"No, oh no!" I rushed to him. "Jesus, Nick, what did I do? What did I do?"

"Exactly the opposite," Sinclair said thoughfully, "of what I do."

I whirled. Sinclair, Tina, and Donald were standing just inside my bedroom. I'd never heard them come in. Never sensed their presence. Neither had Jessica and Marc, because they both let out little screams. Nick was oblivious. He'd started rocking back and forth on the floor in an effort to soothe himself, and never looked away from my face.

"You
gotta
be Sink Lair," Jessica said.

"Hi, Mr. Sinclair!" Marc trilled. He even waved. "You guys drop by for a snack?"

"You three get out of here!" I hissed. "I've got enough problems right now, thanks."

Sinclair pointed to Nick. "That one is of your own making, I think...I can smell you on him. Under about six layers of dirt, that is." He said it so carelessly I wanted to kill him. My hand went to the cross Tina had given me. Would he sound so cool and unconnected if I jammed this little baby in his eye?

But Sinclair was already striding toward us. "Tina," he said quietly, kneeling beside Nick, "help me." His actions were such a diametric opposite of his words that I was left confused (surprise!). The guy obviously hid a lot behind that smarmy cool façade...trouble was, did I care?

"What's wrong with him?" I cried. "Is he becoming a vampire?"

"No. He craves you. He's an addict, now. You can't just have them and release them, Elizabeth. You fled my home after you saw a—certain aspect of the vampire lifestyle. But I would never do to mine what was done to yours."

That stung. A lot. "He's not mine. I barely even know him."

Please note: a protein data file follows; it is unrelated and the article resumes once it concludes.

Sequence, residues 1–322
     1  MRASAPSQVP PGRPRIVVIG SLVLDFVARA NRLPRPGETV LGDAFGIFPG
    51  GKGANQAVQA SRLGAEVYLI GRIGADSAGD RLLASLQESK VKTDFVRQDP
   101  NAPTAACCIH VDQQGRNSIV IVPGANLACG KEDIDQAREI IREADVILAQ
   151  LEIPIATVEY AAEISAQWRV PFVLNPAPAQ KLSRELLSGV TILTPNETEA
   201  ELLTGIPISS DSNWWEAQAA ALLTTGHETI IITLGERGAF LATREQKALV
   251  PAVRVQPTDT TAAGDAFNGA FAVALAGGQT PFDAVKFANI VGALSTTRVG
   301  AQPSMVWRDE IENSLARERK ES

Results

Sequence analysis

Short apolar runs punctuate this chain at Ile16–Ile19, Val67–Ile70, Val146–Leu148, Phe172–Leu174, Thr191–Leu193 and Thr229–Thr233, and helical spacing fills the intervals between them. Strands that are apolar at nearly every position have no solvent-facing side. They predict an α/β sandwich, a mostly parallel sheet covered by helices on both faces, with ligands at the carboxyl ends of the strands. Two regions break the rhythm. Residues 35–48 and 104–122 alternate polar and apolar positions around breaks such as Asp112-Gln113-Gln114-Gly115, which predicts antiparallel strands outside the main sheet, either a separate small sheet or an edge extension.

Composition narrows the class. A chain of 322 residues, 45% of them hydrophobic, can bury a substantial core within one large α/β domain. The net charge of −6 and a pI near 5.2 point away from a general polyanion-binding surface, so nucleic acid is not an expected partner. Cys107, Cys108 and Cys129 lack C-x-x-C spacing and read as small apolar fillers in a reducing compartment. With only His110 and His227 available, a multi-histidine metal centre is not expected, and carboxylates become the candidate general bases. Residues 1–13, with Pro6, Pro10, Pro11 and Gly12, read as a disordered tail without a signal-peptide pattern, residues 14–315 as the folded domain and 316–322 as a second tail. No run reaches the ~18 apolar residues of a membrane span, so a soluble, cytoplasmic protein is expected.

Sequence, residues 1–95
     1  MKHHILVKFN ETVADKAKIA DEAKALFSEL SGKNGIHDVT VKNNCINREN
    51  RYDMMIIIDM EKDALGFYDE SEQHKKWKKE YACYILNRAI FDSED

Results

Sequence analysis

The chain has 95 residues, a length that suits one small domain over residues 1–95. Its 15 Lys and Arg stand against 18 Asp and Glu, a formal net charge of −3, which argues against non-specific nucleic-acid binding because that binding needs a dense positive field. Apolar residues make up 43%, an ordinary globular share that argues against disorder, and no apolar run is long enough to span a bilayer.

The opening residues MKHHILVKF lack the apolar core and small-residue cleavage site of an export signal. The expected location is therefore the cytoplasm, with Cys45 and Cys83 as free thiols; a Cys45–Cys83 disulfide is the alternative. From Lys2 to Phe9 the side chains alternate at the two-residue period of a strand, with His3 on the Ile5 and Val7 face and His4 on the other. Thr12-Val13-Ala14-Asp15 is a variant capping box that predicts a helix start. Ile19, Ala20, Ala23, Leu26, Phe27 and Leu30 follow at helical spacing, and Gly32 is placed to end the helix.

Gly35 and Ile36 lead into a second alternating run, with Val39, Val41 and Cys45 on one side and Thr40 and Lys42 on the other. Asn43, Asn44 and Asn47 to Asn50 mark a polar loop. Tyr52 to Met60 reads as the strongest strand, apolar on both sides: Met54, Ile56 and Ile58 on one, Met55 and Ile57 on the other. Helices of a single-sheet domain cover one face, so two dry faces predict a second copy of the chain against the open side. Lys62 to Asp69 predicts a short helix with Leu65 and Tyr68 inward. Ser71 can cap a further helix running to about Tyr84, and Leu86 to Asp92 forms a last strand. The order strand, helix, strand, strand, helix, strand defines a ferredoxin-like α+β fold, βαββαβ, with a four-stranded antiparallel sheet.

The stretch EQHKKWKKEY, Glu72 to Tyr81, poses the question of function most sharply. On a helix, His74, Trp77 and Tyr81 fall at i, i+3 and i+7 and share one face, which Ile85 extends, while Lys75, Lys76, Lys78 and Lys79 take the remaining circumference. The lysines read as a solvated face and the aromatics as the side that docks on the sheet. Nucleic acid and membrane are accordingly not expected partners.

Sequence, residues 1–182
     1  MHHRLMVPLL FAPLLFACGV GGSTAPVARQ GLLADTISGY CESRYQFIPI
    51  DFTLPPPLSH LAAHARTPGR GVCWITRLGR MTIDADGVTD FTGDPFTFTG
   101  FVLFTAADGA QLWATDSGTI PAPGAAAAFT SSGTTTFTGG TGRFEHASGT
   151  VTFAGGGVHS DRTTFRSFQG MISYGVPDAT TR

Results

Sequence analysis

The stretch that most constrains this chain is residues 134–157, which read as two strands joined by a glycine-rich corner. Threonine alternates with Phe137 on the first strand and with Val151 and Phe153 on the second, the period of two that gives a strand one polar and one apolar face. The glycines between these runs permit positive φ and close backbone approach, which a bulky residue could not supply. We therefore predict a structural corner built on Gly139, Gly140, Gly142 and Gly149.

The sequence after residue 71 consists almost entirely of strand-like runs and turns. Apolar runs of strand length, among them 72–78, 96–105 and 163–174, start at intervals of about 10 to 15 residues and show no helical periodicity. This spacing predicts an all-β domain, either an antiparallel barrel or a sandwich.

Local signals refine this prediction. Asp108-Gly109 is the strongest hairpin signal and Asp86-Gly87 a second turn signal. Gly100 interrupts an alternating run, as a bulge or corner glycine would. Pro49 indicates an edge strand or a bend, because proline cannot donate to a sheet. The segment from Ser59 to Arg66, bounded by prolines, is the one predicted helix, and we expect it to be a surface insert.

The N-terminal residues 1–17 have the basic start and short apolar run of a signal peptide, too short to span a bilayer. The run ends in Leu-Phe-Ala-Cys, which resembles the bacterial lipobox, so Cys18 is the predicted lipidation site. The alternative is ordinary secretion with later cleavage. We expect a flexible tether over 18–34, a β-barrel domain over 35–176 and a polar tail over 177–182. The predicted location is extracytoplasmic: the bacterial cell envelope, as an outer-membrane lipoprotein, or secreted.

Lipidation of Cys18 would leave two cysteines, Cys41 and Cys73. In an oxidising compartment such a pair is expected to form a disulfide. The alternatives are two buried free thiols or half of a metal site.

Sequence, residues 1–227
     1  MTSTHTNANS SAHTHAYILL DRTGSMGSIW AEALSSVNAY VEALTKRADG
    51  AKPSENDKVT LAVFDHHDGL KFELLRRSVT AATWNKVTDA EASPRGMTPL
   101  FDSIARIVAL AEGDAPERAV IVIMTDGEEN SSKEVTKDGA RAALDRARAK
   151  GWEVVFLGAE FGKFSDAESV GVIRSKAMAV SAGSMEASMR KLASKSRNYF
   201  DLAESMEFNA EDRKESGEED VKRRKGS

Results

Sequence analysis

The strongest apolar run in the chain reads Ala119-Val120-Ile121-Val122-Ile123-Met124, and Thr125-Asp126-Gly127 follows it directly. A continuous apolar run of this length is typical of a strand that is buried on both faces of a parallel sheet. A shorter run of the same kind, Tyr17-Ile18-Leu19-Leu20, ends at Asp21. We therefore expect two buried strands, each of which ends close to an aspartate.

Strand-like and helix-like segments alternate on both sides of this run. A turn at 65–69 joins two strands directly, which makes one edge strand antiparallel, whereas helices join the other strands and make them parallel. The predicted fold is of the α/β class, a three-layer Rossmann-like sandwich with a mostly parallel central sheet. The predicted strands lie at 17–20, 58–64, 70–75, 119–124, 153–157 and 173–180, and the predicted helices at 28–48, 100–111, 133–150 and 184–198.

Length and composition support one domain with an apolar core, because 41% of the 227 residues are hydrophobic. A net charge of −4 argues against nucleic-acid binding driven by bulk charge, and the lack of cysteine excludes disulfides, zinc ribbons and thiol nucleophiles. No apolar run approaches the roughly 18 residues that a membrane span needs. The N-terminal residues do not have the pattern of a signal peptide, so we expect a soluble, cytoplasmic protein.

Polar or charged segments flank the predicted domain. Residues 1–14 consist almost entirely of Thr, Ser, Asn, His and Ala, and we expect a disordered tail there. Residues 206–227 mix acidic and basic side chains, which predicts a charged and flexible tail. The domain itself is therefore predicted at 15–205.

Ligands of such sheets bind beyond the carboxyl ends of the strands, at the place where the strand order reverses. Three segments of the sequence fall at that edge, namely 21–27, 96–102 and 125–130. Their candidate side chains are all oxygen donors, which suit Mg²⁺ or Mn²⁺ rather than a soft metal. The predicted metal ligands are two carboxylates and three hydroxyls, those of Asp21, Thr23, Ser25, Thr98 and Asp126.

"Well." Donald cleared his throat. He was crouching over us, resting his hands on his thighs. He looked like an undead umpire. "That's worse, you know."

"But I didn't know!"

"I warned you," Sinclair said. He was shrugging out of his topcoat and putting it over Nick's shivering form. "You don't know the rules. Most vampires would learn or die. But you were born strong, and you have few of our weaknesses. So while you're learning, the innocent are being hurt. Is my offer of help still so completely unacceptable?"

"Okay, okay...tell me what to do. How to help Nick. And I'll—I'll take your Vamp 101 class, Sinclair. But only after Nick is better."

"Your word on it, Elizabeth."

"She already told you she'd let you help," Jessica said, and her voice was like ice. She might think Sinclair was yummier than a triple fudge sundae, but nobody was going to question her best friend in her own home. "If that's not enough, Sink Lair, don't let the door hit you in your big white ass on the way out."

"Please don't pronounce my name like that," he sighed. He lifted Nick easily into his arms. Then, "Big white ass?"

"Just bring him to the bathroom," Tina said. "Donald and I can take care of him."

"But—" I closed my mouth with a snap. Nick was almost as tall as Sinclair, which made him two heads taller than Tina and Donald. Never mind. They could probably muscle a Volkswagen into my bathroom if they had to.

Sinclair carried Nick to my bathroom and laid him on the floor. Donald stripped him while Tina started the shower. Meanwhile, Sinclair put a hand on each of my shoulders, turned me around, and marched me out. Of my own bathroom!

"Hands to yourself, buster," I warned.

"You—uh—want something to drink?" Jessica was standing in the doorway. She blushed, which isn't easy to tell with her. "I mean, like tea or something, Mr. Sinclair?"

"Please call me Eric. Any friend of Elizabeth's, and all that."
 

"He likes plum wine, get him a glass of that," I said irritably.

"I'll get it!" Marc said. He'd gone to throw Nick's rags into my washing machine, but leapt for the doorway the instant Jessica did. They became jammed at the shoulder, Three Stooges style.

"No, I'll get it!"

They struggled and then both popped free of the doorframe. I heard pounding footsteps as they raced each other to the kitchen, and put a hand over my eyes. Friends...the ultimate mixed blessing.

"A pity you are not as fond of me as your companions are," Sinclair teased.

"They don't know what a creep you are," I said sourly. I was annoyed to see Giselle purring in his arms as he absently tickled her under the chin. Fickle feline tramp! I snatched her away and tossed her in the direction of her cat door. With a snooty backward glance, she went. "If they had the slightest clue how wretched and nasty and despicable you are..."